Sleep Breathing Problems During Pregnancy

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Many changes that occur during pregnancy can alter breathing function leading to problems during sleep, including worsening of sleep disordered breathing.  Sleep disordered breathing is a condition categorized by frequent episodes of hypopnea (under breathing) and apnea (not breathing) during sleep. Sleep disordered breathing ranges in severity from snoring, it’s mildest and most common form, through to the most severe form in obstructive sleep apnea (OSA) syndrome.  One of the most common symptoms of sleep-disordered breathing is snoring which is significantly increased during pregnancy.


Snoring is a sign of increased upper airway resistance and possible OSA.  Obstructive sleep apnea occurs when there are repeated events of partial or complete upper airway collapse.  This leads to apneas (interruption of airflow >10s) or hypopneas (decrease of airflow >10s) often leading to awakenings during sleep.  OSA can also eventually lead to the progression of other chronic conditions such as high blood pressure and diabetes.


In pregnancy, respiratory physiology is changed by physical and hormonal conditions.  Circulating estrogen and progesterone levels increase drastically during pregnancy.  Some of these changes can either be protective and some may increase the risk of sleep-disordered breathing (SDB).  Weight gain during pregnancy and elevation of the diaphragm due to the increasing size of the uterus can predispose women to SDB but sleeping on the side during pregnancy can be protective.


Openness of the upper airway plays a major role in the presence or severity of sleep disordered breathing.  During pregnancy, the lining of the nose and pharanx becomes swollen because of over secretion of mucus.  Additionally, the sizes of the upper airway are smaller during pregnancy. Some mechanical changes that occur include physical changes in the thoracic cage.  As the pregnancy progresses, the rib angle increases, the horizontal diameter of the chest expands and the chest circumference increases as well.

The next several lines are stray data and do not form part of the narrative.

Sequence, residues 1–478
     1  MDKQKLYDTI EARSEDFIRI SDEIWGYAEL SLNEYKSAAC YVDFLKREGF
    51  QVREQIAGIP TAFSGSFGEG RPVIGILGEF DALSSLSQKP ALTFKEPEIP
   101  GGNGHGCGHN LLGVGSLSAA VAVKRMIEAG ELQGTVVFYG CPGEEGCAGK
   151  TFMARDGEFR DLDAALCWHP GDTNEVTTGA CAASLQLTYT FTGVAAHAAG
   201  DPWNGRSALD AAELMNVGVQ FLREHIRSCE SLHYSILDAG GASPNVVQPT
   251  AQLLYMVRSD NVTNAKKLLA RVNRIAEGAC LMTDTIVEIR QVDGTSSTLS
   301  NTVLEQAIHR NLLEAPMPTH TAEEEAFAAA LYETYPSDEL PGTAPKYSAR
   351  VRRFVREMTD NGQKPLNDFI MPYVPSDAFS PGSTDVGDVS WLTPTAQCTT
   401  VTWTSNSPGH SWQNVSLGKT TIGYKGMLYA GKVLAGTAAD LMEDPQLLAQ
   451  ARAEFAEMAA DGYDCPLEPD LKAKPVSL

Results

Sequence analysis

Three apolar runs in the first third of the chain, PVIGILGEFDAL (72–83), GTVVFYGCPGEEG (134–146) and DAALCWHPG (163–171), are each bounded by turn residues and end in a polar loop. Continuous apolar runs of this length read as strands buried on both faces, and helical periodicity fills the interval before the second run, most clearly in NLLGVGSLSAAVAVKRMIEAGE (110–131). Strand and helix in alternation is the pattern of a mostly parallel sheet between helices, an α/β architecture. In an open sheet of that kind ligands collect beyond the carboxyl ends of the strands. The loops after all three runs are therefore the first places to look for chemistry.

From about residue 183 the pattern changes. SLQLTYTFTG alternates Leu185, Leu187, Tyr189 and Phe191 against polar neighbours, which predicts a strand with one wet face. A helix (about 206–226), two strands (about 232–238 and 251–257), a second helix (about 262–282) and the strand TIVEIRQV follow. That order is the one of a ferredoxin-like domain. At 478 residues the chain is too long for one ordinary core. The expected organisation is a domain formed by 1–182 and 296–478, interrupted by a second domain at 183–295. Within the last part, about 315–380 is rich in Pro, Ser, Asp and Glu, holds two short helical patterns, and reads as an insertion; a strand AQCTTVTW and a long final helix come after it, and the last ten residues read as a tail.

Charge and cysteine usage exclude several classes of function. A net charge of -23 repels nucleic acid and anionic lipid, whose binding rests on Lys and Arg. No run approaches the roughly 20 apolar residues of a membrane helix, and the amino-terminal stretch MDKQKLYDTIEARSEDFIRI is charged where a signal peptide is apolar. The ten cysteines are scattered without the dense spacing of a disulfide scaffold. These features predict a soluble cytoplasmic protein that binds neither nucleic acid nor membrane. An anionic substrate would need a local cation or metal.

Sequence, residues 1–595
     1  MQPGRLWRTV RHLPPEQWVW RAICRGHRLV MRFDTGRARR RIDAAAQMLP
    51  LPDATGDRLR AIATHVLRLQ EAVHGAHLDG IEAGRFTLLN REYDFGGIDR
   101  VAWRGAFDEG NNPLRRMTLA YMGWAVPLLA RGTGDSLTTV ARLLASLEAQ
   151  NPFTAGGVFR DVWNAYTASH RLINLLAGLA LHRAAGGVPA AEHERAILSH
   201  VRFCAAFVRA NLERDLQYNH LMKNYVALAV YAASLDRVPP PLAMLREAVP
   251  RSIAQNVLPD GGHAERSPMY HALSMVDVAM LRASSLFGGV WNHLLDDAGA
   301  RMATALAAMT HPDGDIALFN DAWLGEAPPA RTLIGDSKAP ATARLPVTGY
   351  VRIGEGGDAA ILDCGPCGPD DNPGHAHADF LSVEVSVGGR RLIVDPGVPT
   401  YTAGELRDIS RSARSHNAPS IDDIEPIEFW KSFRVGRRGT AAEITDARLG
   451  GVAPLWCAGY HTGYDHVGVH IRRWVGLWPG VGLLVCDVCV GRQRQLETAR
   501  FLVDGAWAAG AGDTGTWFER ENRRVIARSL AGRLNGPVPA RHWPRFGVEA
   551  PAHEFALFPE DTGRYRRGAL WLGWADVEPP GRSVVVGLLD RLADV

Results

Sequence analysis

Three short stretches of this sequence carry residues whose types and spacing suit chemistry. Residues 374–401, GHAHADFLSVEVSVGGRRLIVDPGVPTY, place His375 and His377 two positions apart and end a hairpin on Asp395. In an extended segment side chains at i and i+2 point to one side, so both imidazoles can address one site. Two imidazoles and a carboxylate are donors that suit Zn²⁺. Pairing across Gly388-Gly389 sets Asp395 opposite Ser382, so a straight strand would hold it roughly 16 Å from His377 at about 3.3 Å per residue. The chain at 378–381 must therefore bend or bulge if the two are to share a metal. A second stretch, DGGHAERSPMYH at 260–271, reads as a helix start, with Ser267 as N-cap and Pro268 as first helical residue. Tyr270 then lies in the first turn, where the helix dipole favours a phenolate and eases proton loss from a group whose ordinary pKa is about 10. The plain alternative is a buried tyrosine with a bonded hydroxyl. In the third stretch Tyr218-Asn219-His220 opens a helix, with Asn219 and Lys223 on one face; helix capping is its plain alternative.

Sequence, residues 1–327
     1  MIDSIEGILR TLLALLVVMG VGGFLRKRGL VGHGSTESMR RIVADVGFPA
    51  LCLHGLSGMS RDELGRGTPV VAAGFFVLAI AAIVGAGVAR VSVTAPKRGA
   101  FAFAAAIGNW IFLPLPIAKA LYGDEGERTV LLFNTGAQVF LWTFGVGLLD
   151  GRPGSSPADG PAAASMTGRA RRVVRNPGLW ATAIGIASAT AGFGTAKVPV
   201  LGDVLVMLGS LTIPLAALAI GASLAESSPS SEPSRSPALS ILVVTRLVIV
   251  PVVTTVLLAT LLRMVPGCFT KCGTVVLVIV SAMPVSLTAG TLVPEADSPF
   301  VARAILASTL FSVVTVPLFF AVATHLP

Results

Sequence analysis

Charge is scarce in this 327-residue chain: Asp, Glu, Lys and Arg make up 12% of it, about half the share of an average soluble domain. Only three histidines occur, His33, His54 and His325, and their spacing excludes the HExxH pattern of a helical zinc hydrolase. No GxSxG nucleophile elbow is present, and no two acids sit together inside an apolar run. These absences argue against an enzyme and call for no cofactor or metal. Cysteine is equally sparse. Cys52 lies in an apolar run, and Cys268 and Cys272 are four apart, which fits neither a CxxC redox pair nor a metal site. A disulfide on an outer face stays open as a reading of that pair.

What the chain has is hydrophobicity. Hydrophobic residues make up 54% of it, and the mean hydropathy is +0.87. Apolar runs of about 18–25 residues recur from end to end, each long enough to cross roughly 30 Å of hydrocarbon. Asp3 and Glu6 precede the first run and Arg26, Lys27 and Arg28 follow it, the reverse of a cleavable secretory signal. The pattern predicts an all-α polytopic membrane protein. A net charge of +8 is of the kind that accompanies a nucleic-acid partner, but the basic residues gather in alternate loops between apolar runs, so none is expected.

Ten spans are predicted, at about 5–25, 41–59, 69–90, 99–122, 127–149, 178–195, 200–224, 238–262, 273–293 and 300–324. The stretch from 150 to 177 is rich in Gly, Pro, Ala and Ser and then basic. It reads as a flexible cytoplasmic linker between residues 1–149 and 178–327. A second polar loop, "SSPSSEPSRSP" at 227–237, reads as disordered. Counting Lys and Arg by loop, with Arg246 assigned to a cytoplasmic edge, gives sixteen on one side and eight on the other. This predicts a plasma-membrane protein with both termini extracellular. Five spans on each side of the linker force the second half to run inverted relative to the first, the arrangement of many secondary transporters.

Often women with OSA will not know or recognize the symptoms and it is usually first noticed by their spouse or bed partner.  The most common symptoms of OSA include:


  • Daytime sleepiness or fatigue
  • Headaches
  • Sudden awakening at night with the sensation of choking or gasping
  • Night sweats
  • Sexual dysfunction
  • Decreased concentration and memory


Diagnosing obstructive sleep apnea involves an evaluation based on signs, symptoms, a physical exam and tests.  A complete sleep history includes an evaluation of snoring, sleepiness severity, total sleep amount, nocturia, morning headaches and sleep fragmentation.  Patients who are considered high risk should undergo a polysomnography or sleep study.  A sleep study measures sleep cycles and stages by recording airflow, blood oxygen levels, body position, brain waves, electrical activity of muscles, eye movement, respiratory effort and rate, and heart rate.


Several options are available for treatment of OSA.  There are medical, behavioral, and surgical options.  Positive airway pressure (PAP) is the preferred treatment of OSA and involves splinting of the upper airway.  It may be delivered via continuous (CPAP), bi-level (BPAP), or autotitrating (APAP) modes.  Behavioral treatment options include weight loss, exercise, positional therapy and avoidance of sedatives before bedtime.  Oral devices can also be used to improve upper airway patency by enlarging the upper airway.  Although not as efficacious as PAP, oral devices may be indicated for use in patients with mild to moderate OSA who cannot tolerate PAP or who do not respond to PAP and behavioral measures.  Surgical treatment is another option for those patients in which other treatment modalities have failed.






Bourjelly G et al.  Pregnancy and fetal outcomes of symptoms of sleep-disordred breathing.  Eur Repir J.  2010.  36, 849-855


Epstein LJ et al.  Clinical guideline for the evaluation, management and long-term care of obstructive sleep apnea in adults. Journal of Clinical Sleep Medicine. 2009. 5(3), pp. 263-276


Fung et al.  Obstructive sleep apnea and pregnancy: the effect on perinatal outcomes.  Journal of Perinatology.  2012.  32, pp. 399-406


Izci B et al, Sleep complaints, snoring and daytime sleepiness in pregnant and pre-eclamptic women.  Sleep Med. 2005. 6, pp.163-169


Louis J et al. Management of obstructive sleep apnea in pregnant women. Obstet Gyneco. 2012. 119(4), pp. 864-868



Authored by Mary Grace Bridges, MD, MPH and Serena Chen, MD


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